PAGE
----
In order to be a good martial artist you must aim at excelling in a number of different skills and having at the same time:
The last but definitely not least one in the list, speed, is to be considered of extreme importance because it affects most of your performance when practicing any martial art and the techniques you are performing in a combat situation. Certain applications of internal martial arts that are practiced for healing, meditation and relaxation purposes are usually performed really slowly and obviously have not connection with the content of this post.
Speed affects the kinetic energy you produce by a quadratic factor: if you double your speed the kinetic energy grows by 4. Therefore if you are interested in increasing the damage produced by your punches or kicks you should train for increased speed. Higher speed can come from higher physical fitness by also by learning how to best coordinating all muscles involved in a technique so they all push with precise timing in a well coordinated direction.
By increasing your speed you are not only ensuring that you can hit your target faster and producing more damage; the technique arrives to its destination in a shorter time therefore it’s ready to go back to its original position much faster, making it ready for the next strike.
Being able to perform a technique or combination at a high speed will allow you to surprise even a very well prepared and skilled opponent. If you could move one arm or leg 10 or 20 times faster that the average martial artist you would not need very complicated combinations and attacking from many different angles; you could just attack your opponent with that single strike and score, every time.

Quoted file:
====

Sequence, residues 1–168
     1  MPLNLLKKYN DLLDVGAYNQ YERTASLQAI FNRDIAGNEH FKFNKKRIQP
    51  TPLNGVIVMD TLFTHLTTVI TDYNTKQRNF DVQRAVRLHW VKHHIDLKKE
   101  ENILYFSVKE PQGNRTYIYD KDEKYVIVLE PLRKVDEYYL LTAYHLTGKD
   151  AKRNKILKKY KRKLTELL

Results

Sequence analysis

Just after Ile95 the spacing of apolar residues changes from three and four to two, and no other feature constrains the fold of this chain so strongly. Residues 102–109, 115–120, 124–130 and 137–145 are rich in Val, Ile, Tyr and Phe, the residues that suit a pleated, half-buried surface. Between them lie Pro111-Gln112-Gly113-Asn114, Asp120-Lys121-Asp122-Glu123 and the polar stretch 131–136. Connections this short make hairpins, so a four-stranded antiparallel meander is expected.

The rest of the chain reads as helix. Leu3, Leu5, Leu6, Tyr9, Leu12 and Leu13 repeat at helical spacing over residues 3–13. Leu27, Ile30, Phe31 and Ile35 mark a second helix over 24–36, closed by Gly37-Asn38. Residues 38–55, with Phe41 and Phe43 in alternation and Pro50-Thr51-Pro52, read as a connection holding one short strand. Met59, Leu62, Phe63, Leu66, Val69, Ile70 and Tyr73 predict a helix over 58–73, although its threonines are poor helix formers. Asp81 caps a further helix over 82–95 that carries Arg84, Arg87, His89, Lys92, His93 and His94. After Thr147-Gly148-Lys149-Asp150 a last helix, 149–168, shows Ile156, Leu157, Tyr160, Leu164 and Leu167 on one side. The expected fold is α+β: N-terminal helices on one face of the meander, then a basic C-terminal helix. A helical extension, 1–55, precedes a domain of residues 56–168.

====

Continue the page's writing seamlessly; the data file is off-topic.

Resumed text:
Training for speed should be a mental as well as physical exercise; muscles are trained to become stronger and therefore release more power but, at the same time, speed should be thought as the main goal when training for it. For instance keeping your muscles relaxed while training and program yourself to tense just the right ones that are involved in a specific movement will offer maximum efficiency for the muscles involved and minimum dissipation of energy in unnecessary movements.
A training scheme I suggest when coaching somebody with the intent of improving their speed is usually represented by the following list of activities:
- Relax physically and mentally
- Think and see the movement you are about to perform
- Concentrate just on the muscles strictly involved in the movement
- Consciously relax the remain part of the body
- Try to tense the muscles in the most explosive movement you can possibly imagine
- Repeat a few times until it becomes second nature
I am a big fan of speed and, while it can be a function of your fitness, speed can be trained and deliver amazing results. When can you start?
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